Your audit is going perfectly, until you find out your client might be doing something fraudulent. There’s some audit standard guidance on what you should do next. According to International Standard on Auditing (ISA) 240, you let your client’s management know what you think is going on. Although you might’ve found the fraud, it’s ultimately up to them to prevent and detect fraud from happening again.
If something fishy is going on, adjust your audit plan. This might mean doing more testing, digging deeper into figures, or talking to additional staff members. For example, say you suspect inventory is getting stolen. Plan to expand your audit scope to include physically counting more inventory, viewing more invoices, questioning more staff, and performing more analytics. Your initial audit plan might’ve required you to reconcile 30% of inventory; now that you think fraud is occurring, double what you planned on covering. In addition, you might not have planned to research questionable business relationships or management oversight processes, or dig deep into accounting estimates. ISA 240 specifically calls these out as your responsibility, especially in determining if fraud might be happening.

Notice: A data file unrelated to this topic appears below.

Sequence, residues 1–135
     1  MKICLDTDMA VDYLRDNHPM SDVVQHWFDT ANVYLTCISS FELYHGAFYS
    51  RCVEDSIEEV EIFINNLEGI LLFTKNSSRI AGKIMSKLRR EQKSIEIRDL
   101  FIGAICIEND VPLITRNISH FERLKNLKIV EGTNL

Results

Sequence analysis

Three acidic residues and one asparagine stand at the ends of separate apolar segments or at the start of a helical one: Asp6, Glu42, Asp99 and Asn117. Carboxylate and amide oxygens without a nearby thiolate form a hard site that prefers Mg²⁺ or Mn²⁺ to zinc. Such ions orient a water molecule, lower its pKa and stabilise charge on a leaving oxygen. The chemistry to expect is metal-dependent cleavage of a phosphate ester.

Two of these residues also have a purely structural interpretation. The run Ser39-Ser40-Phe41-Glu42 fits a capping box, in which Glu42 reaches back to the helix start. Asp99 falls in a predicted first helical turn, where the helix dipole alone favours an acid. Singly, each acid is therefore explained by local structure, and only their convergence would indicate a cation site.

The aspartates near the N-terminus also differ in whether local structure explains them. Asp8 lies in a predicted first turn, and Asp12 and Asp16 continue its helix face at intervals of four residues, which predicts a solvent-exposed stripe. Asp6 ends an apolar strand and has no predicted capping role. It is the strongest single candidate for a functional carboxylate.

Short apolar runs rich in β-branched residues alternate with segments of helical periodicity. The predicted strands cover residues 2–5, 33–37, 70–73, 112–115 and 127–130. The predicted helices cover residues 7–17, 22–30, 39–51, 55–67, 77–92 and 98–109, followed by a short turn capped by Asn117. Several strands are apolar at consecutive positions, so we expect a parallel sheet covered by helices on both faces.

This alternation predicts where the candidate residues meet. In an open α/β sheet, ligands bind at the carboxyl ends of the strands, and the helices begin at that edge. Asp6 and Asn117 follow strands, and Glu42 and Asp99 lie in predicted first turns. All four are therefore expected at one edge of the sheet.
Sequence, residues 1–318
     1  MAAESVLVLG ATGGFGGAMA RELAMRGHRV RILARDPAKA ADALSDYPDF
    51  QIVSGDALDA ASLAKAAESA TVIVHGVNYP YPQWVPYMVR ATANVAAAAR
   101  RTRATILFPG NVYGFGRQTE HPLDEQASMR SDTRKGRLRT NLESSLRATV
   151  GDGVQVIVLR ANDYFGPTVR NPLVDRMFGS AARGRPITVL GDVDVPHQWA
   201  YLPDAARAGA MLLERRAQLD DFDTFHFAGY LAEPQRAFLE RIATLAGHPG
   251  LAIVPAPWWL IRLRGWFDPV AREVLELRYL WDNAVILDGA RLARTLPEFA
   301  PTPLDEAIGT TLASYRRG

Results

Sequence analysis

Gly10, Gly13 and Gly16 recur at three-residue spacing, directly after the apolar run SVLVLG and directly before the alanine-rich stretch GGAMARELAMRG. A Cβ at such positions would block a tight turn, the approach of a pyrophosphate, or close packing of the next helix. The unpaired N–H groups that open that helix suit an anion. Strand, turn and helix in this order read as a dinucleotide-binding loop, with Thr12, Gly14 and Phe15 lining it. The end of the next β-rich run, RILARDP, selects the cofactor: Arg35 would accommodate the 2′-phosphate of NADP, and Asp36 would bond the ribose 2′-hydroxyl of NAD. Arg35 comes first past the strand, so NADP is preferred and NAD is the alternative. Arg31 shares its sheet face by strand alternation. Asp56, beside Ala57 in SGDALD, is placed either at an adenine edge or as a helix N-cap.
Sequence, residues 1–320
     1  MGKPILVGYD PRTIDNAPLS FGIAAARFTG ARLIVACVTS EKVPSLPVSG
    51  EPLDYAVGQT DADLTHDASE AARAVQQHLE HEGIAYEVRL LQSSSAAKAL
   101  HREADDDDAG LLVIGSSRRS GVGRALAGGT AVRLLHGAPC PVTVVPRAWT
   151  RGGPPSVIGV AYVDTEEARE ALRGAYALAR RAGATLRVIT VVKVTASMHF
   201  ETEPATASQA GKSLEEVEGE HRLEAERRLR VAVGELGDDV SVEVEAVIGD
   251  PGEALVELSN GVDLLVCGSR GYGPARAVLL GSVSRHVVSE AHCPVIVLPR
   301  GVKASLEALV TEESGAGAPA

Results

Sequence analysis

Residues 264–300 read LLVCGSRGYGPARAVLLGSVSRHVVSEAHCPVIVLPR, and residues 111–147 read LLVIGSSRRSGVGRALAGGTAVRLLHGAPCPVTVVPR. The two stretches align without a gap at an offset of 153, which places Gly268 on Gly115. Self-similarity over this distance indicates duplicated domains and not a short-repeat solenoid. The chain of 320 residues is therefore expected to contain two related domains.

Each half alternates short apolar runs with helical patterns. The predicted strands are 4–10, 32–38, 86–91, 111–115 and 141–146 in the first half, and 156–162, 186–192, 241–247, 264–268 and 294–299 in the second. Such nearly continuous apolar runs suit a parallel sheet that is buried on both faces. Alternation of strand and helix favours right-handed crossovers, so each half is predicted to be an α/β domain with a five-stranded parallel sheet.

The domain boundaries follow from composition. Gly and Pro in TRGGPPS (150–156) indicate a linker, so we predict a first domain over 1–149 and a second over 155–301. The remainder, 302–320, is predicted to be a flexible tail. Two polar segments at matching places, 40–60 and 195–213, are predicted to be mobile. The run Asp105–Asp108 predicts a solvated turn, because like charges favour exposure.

In the worst case, it’s an auditing standard for you to consider if the situation is bad enough for you to withdraw from the audit. ISA 240 requires you to consider your legal and professional responsibilities, determine whether it’s more appropriate for you to not continue the audit, and then communicate with your client your decision to back out. In situations where you don’t suspect you’re getting the right information and don’t trust what’s being given to you, auditing standards state you owe it to your profession to not continue.
It’s not easy navigating an audit where you think something fraudulent is going on. Thankfully, there’s accounting standards to help you along. Following these internationally accepted rules will keep your audit on track, even if there’s some suspicious activity going on.